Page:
No New Land by M.g. VassanjiNo New Land by M.g. Vassanji

No New Land

byM.g. Vassanji

Paperback | October 11, 1997

Pricing and Purchase Info

$18.69 online 
$21.00 list price save 11%
Earn 93 plum® points

Prices and offers may vary in store

Quantity:

In stock online

Ships free on orders over $25

Available in stores

about

     Nurdin Lalani and his family, Asian immigrants from Africa, have come to the Toronto suburb of Don Mills only to find that the old world and its values pursue them. A genial orderly at a downtown hospital, he has been accused of sexually assaulting a girl. Although he is innocent, traditional propriety prompts him to question the purity of his own thoughts. Ultimately, his friendship with the enlightened Sushila offers him an alluring freedom from a past that haunts him, a marriage that has become routine, and from the trials of coping with teenage children. Introducing us to a cast of vividly drawn characters within this immigrant community, Vassanji is a keen observer of lives caught between one world and another.

M.G. VASSANJI is the author of seven novels, two collections of short stories, and two works of non-fiction. He has won the Giller Prize twice for The Book of Secrets and The In-Between World of Vikram Lall, and the Governor General's Literary Award for Non-Fiction for A Place Within: Rediscovering India. His other novels include The G...
Loading
Title:No New LandFormat:PaperbackDimensions:224 pages, 8 × 5.2 × 0.6 inPublished:October 11, 1997Publisher:McClelland & Stewart

The following ISBNs are associated with this title:

ISBN - 10:0771087225

ISBN - 13:9780771087226

Look for similar items by category:

Reviews

Rated 4 out of 5 by from Great story about a diasporic experience I read this for school but was intrigued by it. It's about the difficulties of keeping up traditions whilst assimilating in a new country. It's called no new land because it seems every generation is moving to a new place and there seems to be no place for them to call their own. To understand the book, it helps if you are part of a diaspora yourself. For readers that are part of a diaspora, I think this book will make you feel understood.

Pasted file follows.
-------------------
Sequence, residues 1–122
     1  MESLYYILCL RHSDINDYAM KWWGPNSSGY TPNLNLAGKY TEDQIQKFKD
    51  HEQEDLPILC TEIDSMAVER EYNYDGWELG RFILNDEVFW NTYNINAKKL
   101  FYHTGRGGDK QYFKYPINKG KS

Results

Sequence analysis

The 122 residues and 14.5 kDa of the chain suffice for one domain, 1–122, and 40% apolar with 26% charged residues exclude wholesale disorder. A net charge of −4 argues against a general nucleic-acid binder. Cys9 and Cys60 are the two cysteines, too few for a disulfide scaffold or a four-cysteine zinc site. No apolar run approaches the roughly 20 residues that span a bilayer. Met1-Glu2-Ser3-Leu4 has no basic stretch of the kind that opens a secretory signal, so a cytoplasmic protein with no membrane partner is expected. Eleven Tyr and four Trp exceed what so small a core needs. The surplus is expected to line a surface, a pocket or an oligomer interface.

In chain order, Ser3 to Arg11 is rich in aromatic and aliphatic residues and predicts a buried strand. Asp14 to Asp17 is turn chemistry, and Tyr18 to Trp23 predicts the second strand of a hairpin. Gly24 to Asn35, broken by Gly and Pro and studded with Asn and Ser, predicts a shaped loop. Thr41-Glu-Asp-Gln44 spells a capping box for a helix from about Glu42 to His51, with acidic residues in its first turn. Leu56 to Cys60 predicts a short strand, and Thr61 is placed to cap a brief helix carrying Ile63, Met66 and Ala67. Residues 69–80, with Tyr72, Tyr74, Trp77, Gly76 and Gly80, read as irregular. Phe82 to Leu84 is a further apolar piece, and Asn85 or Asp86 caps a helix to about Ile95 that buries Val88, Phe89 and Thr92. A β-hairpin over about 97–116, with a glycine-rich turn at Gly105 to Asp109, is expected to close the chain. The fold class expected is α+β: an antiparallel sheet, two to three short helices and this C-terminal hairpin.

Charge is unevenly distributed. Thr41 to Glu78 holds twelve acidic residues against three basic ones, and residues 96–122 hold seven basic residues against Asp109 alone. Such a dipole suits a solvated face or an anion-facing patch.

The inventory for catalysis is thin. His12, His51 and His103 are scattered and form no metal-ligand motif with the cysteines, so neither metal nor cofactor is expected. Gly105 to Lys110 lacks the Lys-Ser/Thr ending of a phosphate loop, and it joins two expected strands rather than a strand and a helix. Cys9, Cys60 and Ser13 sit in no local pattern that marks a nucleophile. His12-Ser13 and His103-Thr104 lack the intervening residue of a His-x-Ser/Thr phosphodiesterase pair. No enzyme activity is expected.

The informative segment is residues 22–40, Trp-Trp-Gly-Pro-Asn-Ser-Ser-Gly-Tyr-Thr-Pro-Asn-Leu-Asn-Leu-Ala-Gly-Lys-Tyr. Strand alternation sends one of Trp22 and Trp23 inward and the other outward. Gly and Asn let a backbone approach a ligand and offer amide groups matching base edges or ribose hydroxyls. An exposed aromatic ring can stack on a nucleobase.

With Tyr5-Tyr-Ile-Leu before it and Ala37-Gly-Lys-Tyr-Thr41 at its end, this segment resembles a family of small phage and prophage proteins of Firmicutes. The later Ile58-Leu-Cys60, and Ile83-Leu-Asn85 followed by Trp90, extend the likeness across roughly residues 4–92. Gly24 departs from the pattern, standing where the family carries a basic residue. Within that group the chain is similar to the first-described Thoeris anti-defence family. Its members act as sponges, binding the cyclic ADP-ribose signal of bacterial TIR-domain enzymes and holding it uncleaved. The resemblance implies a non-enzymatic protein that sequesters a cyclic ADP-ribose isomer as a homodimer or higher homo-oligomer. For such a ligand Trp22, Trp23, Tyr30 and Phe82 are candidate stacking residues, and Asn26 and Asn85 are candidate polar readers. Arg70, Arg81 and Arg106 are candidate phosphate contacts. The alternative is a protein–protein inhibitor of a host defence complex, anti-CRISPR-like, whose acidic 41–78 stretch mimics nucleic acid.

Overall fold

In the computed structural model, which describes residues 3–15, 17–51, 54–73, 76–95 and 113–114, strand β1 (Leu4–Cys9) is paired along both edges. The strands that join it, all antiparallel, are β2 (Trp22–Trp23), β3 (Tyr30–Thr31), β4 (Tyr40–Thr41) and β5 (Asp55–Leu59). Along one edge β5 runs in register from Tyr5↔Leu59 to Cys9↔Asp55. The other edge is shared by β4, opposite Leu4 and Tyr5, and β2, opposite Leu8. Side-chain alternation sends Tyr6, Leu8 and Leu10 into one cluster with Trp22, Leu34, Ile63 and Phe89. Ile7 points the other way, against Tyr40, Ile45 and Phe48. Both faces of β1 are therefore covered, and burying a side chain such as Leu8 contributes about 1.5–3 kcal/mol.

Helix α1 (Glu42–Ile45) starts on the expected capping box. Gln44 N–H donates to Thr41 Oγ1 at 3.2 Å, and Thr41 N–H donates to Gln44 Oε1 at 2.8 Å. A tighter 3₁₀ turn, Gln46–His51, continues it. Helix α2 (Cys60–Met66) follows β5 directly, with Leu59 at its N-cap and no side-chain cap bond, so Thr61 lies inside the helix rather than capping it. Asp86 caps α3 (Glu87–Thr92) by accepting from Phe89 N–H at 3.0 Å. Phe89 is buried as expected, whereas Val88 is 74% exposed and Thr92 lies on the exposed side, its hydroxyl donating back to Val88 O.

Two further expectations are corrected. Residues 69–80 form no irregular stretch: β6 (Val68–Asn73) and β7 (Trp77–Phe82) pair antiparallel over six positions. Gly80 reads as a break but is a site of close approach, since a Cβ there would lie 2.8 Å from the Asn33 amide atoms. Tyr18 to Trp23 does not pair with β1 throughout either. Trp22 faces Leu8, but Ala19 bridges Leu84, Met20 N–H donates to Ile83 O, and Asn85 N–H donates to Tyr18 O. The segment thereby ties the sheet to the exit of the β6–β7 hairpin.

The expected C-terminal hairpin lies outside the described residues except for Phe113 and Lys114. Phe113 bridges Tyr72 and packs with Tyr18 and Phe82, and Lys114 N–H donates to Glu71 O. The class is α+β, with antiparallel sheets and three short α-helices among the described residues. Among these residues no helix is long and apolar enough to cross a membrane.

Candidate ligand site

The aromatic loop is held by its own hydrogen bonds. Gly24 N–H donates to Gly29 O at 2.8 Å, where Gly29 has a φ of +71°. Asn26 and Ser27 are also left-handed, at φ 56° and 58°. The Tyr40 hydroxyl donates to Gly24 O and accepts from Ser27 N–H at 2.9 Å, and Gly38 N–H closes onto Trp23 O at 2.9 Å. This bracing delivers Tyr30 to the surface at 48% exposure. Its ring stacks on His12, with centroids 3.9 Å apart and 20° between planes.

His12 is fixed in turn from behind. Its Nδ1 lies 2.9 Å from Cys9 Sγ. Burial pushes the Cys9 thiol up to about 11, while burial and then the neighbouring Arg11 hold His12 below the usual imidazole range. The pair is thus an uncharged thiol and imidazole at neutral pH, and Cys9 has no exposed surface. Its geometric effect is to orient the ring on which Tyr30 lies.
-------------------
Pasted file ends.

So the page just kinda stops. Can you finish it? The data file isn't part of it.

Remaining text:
Date published: 2017-05-06
Rated 3 out of 5 by from Ok, but kind of boring. For many reasons, I found myself getting frustrating while reading this book. There is no real character development and not much dialogue. The narrator tells about the lives of the characters in Africa and then in Canada and their adjustment to a new life, but Vassanji never "shows" anything, he only "tells" us about the lives of these characters. But then again, this book was written over 15 years ago and writing has changed much. Even though some of these characters go through tragic experiences, it's impossible for the reader to sympathize or care. There's no "emotion" in anything, the book is just a flat sequence of events. I couldn't feel "close" to the characters. The plot is boring and the development of things is uninteresting. The incidents seem to be pointless character experiences. It's a really good story and Vassanji captures my interest but usually doesn't keep it for too long because of the lack of action.
Date published: 2009-06-01
Rated 1 out of 5 by from No New Ideas. Final Verdict: 1 out of 10. We finish the novel wondering how we could have possibly gotten through it without unsheathing our knives and ending our miseries already. As an immigrant, I learnt nothing, found it uninspiring and completely rhetorical. No New Land should truly change its name to No New Ideas.
Date published: 2008-06-07
Rated 5 out of 5 by from Into a new world Vassanji invites the reader into a new world, one that most Canadians would be suprised to see. We become Lalani, we understand him, and we finish the novel with a new interpertation of Canada, and the difference between Canada and the different places that we have come from.
Date published: 2001-04-14

From Our Editors

Though Nurdin Lalani and his family left Africa for suburban Toronto, the old land's values have followed them. Accused of sexual assault, tradition requires the innocent Lalani to examine his purity of thought. Friendship with the enlightened Sushila offers freedom from a haunting past, routine marriage and troublesome teenagers. M. G. Vassanji is a keen observer of lives caught between two worlds.

Editorial Reviews

   • "A novel of considerable charm and intelligence, informed by a delightful sense of irony." -- Mordecai Richler    • "Vassanji probes beneath the surface to create a compelling and poignant portrait of human displacement." -- Ottawa Citizen    • "It is part of Vassanji's great talent to demonstrate that the minor changes -- unexpected love, sex, accusations -- in the life of a very modest man are, in fact, transformations of history." -- Globe and Mail    • "Vassanji, in charting a tiny part of the Canadian reality, offers up certain truths, thought-provoking, disturbing, but ultimately, and in a small way, hopeful." -- Saturday Night